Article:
From the beginning of his tenure at the museum (October 25, 1931–January 1, 1942), Gordon B. Washburn sought to implement programs designed to increase the museum’s usefulness to the public. The changing needs of the public during the Great Depression spurred the design of educational outreach programs, school tours, and adult education classes. In addition to reviving and expanding the educational programs started by his predecessor, William M. Hekking, Washburn started a number of new initiatives. A loan department and docent program were established to assist public schools and the University at Buffalo in teaching art appreciation. The museum not only offered free art classes but was among the first museums to introduce didactic exhibitions for circulation among area schools. In 1934, Washburn initiated the first independently juried “Annual Exhibition by Artists of Western New York” in response to rivalry among local artists' societies.
Washburn’s most lasting contribution to the museum and its collection, however, was the establishment of the Room of Contemporary Art in January 1939. The Room was envisioned as both a physical site devoted to a rotating presentation of new art within the museum and a means to reinvigorate and reaffirm the museum’s collecting strategy. It was managed by a special independent committee initially consisting of Buffalo attorney Philip J. Wickser (who helped to conceive the Room and draft its charter), Seymour H. Knox, Jr., Washburn, and artists Charles E. Burchfield (American, 1893–1967) and Anna Glenny Dunbar (American, 1888–1980), both of whom called Buffalo home. Through the Room of Contemporary Art Fund, the museum acquired paintings, sculpture, and prints by Georges Braque, Paul Klee, Fernand Léger, Henri Matisse, Joan Miró, Amedeo Modigliani, Pablo Picasso, and Chaïm Soutine.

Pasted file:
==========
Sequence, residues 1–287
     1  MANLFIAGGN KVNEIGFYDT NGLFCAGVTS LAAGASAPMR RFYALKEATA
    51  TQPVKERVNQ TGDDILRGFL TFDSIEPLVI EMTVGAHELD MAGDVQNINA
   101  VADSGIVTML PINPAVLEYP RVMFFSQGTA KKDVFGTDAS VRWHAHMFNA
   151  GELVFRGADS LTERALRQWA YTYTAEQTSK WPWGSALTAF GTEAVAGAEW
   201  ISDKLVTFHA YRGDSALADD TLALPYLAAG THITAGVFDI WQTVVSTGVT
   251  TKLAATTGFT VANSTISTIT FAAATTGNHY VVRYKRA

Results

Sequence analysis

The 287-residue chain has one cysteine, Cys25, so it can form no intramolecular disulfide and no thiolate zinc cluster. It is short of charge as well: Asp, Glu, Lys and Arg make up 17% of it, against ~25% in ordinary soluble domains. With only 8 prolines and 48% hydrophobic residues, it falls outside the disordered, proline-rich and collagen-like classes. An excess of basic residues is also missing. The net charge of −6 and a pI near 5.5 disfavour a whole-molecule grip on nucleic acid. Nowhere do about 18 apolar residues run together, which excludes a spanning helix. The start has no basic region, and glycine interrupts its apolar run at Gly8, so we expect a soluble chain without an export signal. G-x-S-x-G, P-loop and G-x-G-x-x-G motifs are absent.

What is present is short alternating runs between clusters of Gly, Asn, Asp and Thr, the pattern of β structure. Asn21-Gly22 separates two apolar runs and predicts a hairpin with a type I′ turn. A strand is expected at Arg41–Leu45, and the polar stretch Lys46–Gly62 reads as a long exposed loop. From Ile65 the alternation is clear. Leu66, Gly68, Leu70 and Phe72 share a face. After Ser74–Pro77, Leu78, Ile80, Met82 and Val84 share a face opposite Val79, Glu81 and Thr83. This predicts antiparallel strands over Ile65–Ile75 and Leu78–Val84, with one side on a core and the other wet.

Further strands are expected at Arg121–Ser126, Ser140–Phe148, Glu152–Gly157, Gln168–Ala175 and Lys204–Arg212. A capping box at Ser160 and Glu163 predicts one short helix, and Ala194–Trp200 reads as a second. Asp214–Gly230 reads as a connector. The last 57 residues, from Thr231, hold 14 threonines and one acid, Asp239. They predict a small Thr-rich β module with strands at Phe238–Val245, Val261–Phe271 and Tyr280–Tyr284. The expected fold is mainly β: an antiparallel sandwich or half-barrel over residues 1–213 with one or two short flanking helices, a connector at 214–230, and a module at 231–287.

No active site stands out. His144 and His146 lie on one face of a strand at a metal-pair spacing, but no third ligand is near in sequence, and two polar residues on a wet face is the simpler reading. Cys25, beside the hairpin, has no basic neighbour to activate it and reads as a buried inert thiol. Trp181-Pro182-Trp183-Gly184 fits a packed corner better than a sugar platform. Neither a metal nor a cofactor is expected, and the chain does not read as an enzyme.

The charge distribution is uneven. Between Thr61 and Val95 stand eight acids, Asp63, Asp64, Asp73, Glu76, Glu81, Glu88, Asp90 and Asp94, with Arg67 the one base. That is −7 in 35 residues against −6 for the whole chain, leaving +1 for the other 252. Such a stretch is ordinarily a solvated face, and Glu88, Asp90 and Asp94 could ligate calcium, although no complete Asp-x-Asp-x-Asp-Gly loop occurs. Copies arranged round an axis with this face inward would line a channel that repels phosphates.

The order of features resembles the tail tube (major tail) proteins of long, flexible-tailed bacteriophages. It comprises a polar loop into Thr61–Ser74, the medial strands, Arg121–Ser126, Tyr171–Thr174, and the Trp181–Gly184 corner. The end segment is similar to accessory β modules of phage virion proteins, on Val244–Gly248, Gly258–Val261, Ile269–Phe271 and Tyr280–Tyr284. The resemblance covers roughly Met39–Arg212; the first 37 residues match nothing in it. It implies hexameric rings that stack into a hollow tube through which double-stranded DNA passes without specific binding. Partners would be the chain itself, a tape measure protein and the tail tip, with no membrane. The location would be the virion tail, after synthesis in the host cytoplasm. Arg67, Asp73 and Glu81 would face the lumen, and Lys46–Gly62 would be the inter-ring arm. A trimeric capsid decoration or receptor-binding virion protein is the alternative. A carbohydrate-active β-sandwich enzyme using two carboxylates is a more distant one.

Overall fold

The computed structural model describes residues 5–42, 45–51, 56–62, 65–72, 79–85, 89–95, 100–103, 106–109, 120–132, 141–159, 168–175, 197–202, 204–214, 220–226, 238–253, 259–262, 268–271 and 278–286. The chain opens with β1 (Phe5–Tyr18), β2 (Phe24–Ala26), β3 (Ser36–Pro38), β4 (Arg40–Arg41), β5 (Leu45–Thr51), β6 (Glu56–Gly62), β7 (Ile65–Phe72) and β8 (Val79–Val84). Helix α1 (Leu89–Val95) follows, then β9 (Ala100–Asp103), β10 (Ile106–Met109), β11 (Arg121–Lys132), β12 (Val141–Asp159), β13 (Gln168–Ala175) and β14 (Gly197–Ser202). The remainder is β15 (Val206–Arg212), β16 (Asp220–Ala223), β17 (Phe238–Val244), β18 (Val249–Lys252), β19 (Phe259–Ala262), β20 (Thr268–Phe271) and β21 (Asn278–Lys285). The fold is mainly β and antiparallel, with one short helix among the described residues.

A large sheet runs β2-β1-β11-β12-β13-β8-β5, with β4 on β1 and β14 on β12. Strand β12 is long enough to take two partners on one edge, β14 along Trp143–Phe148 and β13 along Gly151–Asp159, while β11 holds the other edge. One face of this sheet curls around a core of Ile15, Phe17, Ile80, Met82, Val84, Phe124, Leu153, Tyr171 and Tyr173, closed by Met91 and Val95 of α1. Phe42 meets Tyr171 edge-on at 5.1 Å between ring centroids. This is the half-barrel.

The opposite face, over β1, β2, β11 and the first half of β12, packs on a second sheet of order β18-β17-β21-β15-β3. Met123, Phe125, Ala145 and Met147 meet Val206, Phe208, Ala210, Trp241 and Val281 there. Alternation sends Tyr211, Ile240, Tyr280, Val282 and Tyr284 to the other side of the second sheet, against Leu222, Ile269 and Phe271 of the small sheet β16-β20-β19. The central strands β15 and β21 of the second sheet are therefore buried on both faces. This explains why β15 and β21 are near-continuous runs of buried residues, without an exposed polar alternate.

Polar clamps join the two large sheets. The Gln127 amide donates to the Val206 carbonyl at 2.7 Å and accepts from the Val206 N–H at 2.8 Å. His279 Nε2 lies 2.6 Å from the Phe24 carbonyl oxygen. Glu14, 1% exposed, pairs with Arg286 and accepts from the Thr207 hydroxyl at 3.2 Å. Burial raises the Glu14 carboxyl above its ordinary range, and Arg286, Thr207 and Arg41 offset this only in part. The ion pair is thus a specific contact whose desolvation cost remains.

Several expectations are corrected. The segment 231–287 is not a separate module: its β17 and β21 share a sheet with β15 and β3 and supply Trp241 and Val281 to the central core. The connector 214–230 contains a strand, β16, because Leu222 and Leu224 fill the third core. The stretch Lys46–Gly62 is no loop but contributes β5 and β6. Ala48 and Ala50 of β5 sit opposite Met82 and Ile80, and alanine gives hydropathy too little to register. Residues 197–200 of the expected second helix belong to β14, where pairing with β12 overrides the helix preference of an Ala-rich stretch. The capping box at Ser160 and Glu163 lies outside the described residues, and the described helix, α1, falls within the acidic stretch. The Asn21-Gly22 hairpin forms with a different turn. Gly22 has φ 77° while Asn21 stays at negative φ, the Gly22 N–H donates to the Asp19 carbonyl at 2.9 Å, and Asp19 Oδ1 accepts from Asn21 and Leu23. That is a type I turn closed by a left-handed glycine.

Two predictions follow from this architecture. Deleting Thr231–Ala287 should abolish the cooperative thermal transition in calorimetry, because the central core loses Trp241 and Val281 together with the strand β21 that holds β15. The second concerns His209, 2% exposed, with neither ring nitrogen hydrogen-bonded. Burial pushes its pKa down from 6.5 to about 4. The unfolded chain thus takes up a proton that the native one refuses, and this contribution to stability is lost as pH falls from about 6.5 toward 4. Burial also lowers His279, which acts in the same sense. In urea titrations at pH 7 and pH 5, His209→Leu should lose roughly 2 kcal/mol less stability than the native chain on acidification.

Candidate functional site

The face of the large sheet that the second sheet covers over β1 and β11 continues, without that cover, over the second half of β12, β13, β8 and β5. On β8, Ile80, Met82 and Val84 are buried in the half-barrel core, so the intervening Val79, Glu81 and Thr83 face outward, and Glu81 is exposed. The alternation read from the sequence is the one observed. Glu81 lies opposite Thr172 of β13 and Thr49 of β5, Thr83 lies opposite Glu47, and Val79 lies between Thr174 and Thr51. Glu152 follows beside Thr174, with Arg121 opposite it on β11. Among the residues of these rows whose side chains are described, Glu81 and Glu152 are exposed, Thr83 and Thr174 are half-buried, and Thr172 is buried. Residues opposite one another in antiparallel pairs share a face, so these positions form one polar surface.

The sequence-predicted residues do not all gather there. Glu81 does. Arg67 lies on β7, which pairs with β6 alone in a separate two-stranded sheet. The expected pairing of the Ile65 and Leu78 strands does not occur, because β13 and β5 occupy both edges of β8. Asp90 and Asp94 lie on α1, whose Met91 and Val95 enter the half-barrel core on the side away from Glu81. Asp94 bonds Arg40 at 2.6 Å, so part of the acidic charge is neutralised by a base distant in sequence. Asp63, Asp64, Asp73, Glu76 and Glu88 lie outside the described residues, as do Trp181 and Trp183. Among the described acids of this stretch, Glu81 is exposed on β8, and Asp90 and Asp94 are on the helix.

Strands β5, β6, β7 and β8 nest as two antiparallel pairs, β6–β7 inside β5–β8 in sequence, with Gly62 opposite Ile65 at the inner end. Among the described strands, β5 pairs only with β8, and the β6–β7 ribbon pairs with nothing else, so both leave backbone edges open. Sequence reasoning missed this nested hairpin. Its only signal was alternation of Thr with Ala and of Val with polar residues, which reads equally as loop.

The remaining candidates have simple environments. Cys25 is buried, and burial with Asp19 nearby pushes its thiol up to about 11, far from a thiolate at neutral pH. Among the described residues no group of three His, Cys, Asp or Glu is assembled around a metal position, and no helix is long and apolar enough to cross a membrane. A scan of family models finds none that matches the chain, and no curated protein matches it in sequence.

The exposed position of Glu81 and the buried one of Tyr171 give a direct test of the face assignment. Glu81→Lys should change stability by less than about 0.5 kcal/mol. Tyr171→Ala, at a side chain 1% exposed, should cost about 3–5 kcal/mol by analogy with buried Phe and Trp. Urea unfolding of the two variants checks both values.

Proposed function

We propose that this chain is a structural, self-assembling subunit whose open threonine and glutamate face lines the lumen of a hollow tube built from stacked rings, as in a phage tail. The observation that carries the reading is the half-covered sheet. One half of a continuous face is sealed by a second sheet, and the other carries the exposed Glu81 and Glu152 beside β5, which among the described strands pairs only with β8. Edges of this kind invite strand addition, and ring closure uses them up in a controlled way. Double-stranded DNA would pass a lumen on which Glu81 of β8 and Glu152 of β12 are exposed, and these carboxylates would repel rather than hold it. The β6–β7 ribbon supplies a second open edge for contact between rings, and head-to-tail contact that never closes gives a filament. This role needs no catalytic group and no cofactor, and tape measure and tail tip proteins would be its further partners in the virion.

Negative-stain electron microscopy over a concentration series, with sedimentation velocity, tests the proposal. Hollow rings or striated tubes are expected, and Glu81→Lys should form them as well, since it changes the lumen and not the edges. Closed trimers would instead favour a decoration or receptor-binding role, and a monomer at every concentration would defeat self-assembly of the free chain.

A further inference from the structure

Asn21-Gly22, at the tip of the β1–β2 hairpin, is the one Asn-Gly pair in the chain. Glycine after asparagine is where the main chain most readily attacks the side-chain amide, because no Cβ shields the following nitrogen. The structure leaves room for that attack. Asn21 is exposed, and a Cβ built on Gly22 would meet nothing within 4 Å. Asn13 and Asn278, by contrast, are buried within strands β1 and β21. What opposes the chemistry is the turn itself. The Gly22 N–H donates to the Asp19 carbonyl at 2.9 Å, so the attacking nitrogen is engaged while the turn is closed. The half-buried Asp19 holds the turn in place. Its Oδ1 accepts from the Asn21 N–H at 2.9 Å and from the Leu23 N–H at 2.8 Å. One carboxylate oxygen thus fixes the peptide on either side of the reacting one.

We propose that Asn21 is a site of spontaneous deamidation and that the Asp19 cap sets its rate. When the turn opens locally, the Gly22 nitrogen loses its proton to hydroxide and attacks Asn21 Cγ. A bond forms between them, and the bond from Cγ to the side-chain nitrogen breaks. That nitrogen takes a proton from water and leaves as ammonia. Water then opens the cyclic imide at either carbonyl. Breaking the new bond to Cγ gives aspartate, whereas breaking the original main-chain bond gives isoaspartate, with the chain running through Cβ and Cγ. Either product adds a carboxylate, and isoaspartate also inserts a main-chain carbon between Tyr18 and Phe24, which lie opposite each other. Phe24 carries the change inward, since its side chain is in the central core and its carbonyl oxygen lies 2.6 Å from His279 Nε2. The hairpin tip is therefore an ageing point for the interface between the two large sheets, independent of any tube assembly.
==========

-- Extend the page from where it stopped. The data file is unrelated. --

Washburn resigned in 1942 to become director of the Rhode Island School of Design Museum.